August 4, 2005
Discrimination Suit Tossed Out
A federal judge has dismissed a lawsuit in which tenants alleged a Jewish landlord evicted them for sharing their apartment with a non-Jew. U.S. District Court Judge Gary Allen Feess threw out the lawsuit on technical grounds, saying the tenants should have raised the discrimination claim in an earlier legal proceeding.
The suit by Lawrence "Chaim" Stein alleged that he was wrongly evicted in 2004 by the board of Torat Hayim, a nonprofit that manages a Pico-Robertson school and synagogue as well as a handful of apartments.
Stein, who is Orthodox, was sharing the apartment with a non-Jewish friend. Stein's central piece of evidence was a voice mail left by one of the defendants that seemed to chide him because he "rented to a goy."
The trial never got that far because of how Stein handled the initial appeal of his eviction. Stein got his eviction overturned on a rent-control issue, but his court papers omitted the discrimination claim. By the time he won the appeal, Stein was living elsewhere and his old apartment, in the 8800 block of Alcott Street, had new tenants. Thus, getting back the apartment was a moot issue, but Stein decided to raise the discrimination claim in federal court and pursue damages.
Feess wouldn't go for it.
"Whether or not a claim was actually litigated in a prior dispute, it cannot be raised in a second suit if it was within the scope of the prior dispute," Feess wrote in his decision.
"He should have appealed on all the grounds" raised in the initial eviction, including discrimination, said Stacy Sokol, an attorney who is authorized to speak for Torat Hayim even though Sokol did not handle the court case.
"You don't get a second bite at the apple," said Sokol, who asserted that the real reason was eviction was nonpayment of rent.
Stein's attorney, Raymond Zakari, criticized the ruling.
"Evictions are summary proceedings for landlords to recover possession of their real property, not a forum for these issues," Zakari said. -- Bobbi Murray, Contributing Writer
Anti-Jewish Rally Fizzles
A handful of neo-Nazis was outnumbered and out-shouted at what they called a "rally for justice and peace" outside the Simon Wiesenthal Center on July 29.
A Holocaust denial group, the Newport Beach-based Institute for Historical Review, staged the noon rally outside the center's Pico Boulevard headquarters, across the street from the Museum of Tolerance. The event attracted no more than eight Holocaust deniers and neo-Nazi supporters. The crowd also included Orthodox high school boys who absorbed the event's mosh-pit energy, anti-Nazi socialists and anti-they-were-not-exactly sure-what progressives.
The intersection at Pico Boulevard and Doheny Drive eventually became balkanized. Some media, six cops and the neo-Nazi/Holocaust deniers occupied the corner in front of the Wiesenthal Center.
Another corner held those who were both anti-Nazi and anti-Israel. One woman shouted: "Everyone who is not a Holocaust denier but is against what Israel stands for -- go across the street!"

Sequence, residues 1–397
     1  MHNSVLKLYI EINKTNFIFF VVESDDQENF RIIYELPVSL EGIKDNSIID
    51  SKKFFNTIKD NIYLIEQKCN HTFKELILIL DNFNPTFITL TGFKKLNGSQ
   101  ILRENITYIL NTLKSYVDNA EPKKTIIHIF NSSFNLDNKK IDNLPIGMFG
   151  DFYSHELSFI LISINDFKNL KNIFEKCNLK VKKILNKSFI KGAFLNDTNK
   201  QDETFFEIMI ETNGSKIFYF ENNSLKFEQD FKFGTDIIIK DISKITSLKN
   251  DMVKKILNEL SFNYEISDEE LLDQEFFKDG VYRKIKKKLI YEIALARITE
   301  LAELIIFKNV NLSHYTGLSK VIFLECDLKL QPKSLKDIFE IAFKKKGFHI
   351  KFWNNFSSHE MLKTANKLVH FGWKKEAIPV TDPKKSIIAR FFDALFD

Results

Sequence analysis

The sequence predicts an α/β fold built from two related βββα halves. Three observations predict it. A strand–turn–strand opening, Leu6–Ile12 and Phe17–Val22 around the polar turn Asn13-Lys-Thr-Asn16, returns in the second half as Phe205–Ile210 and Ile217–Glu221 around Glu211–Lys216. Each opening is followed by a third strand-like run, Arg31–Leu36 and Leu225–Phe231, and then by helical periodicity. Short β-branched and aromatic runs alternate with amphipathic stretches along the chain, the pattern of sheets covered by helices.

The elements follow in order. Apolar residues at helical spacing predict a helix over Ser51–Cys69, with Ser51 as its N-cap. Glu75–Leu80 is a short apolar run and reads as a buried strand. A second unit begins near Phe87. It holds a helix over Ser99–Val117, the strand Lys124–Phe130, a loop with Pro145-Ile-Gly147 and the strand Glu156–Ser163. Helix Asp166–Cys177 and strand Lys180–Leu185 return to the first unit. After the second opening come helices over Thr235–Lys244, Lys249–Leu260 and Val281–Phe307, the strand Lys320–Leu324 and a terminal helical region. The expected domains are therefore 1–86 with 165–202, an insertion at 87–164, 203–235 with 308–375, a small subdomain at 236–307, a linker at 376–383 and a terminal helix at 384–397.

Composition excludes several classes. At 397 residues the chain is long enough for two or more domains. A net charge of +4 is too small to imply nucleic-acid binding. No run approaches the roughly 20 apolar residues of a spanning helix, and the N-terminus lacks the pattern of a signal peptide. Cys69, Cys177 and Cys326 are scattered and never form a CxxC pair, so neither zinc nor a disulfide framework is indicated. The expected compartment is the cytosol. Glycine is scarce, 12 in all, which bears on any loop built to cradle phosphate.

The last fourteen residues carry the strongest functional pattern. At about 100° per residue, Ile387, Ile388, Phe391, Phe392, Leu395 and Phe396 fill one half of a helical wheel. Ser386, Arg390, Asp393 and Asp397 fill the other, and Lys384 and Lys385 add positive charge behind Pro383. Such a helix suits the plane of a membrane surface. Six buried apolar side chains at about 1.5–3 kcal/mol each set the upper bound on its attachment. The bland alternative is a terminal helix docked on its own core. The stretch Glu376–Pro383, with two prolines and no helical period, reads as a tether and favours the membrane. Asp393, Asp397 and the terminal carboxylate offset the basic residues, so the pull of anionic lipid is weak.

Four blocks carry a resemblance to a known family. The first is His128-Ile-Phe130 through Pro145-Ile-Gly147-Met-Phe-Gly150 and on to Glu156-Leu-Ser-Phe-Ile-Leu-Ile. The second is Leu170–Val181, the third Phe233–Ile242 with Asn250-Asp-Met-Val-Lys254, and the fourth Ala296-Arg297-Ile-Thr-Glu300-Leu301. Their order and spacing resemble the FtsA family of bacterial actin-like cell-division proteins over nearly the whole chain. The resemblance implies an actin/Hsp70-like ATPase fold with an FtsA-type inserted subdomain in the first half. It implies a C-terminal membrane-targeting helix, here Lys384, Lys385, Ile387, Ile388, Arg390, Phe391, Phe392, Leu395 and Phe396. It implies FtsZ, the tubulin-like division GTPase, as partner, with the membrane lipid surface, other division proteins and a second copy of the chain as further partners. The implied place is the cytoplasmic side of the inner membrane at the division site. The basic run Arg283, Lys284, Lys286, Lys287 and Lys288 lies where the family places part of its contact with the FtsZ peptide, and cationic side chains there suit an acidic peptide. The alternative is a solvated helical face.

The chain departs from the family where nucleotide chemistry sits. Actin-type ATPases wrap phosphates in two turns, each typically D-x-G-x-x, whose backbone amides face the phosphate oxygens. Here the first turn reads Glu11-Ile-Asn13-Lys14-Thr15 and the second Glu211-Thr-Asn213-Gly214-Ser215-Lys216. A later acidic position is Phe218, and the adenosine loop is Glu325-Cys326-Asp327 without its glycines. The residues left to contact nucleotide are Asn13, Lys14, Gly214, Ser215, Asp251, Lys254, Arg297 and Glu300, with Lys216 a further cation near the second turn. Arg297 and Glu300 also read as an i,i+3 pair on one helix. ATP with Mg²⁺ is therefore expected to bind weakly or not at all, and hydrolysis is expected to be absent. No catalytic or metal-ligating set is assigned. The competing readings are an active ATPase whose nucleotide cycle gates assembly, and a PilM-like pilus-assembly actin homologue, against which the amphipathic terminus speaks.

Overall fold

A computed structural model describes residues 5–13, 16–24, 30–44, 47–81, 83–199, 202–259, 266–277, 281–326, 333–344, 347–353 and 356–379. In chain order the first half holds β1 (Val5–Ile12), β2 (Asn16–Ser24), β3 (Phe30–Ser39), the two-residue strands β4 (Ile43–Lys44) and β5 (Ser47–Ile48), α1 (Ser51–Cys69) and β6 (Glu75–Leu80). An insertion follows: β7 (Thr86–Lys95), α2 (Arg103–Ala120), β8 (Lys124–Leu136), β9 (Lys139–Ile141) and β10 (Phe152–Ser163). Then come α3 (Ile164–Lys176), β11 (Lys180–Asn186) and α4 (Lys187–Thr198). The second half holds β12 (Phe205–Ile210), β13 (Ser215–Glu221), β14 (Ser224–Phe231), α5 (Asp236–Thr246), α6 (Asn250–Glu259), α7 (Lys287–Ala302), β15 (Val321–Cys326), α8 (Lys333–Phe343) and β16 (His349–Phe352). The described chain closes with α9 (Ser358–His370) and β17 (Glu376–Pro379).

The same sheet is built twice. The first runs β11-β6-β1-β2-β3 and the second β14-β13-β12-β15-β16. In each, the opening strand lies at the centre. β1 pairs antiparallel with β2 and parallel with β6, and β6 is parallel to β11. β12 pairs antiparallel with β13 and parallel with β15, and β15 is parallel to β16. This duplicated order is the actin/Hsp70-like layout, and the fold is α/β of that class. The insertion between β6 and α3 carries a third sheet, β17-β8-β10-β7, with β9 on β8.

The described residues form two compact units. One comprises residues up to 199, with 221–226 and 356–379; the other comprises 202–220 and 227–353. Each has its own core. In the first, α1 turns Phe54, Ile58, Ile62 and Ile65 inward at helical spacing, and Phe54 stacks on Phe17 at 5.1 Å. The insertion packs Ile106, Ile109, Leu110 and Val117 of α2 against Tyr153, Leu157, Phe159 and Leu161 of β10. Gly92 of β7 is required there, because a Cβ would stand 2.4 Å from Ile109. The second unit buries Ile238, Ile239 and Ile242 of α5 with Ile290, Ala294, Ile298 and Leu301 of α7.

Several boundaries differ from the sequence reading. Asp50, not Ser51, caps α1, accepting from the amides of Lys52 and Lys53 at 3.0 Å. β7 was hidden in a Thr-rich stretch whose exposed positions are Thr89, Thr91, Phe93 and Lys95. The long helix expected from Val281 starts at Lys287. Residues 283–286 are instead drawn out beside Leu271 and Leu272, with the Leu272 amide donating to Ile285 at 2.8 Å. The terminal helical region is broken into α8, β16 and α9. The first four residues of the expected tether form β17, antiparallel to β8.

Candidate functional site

A Jewish Defense League contingent stood at a third corner, and at the fourth corner were assembled about seven pro-Israel/anti-JDL Jews.
The half-dozen JDL members were the most volatile; one hit a young protestor with a long Old Glory flagpole. Police are investigating that alleged battery.
Two African American women accepted and carried anti-Israel placards from Holocaust deniers, who denied that they were Holocaust deniers. Seeing this, an elderly Jewish women shouted: "Go back to the South!" The sight of Jews yelling at blacks prompted smiles among the Holocaust deniers.
The women returned the placards after getting more information about the protest organizers.
The event fizzled within one, loud hour. -- David Finnigan, Contributing Writer
Vigil for Darfur Draws 500-Plus
More than 500 people attended a late July vigil at the Federal Building in Westwood, where Jews and non-Jews held a candlelight protest against the ongoing genocide in Sudan's Darfur region.
"Folks, time is running out," said Armenian American activist Armen Carapetian, who likened the situation in Darfur to the past century's Armenian genocide.
The early evening rally signified an expansion of Darfur activism in the Jewish community, spurred on by Jewish World Watch, based at Valley Beth Shalom temple. The Conservative Encino shul's leader, Rabbi Harold Shulweis, was among the speakers, who also included Rabbi Sharon Brous of the Westside IKAR congregation.
"I don't want to stand here next summer," Brous said, "and say, 'Another year has gone. What have we done?'"
Human-rights experts estimate that 300,000 villagers have been killed since 2003 by Arab janjaweed horsemen tacitly supported by the Sudanese government.
The drive-time rally was a little smaller and more secular than a day of fasting held on May 26, when about 600 Southern California Jews attended Darfur events at synagogues in Pico-Robertson, Bel Air and Pasadena. Sponsors of the event at the Federal Building included Protestant, African immigrant, Catholic and Armenian groups.
Participants took part in making murals, singing and playing instruments and signing White House-bound petitions.
"It's my sister's birthday, and she asked that we all come here for this," said Sarah Ham-Rosbrock, whose family, including her 28-year-old sister Lena, attends Temple Israel of Long Beach.
"I'm involved because I am black," said homeless activist Ted Hayes, a speaker.
Progressive Jewish Alliance board member Eric Greene said Jews must be more involved in non-Jewish issues such as Darfur, even when the effort seems futile.
"It's so daunting because it feels so big that it's hard to know what you can do," he said. -- DF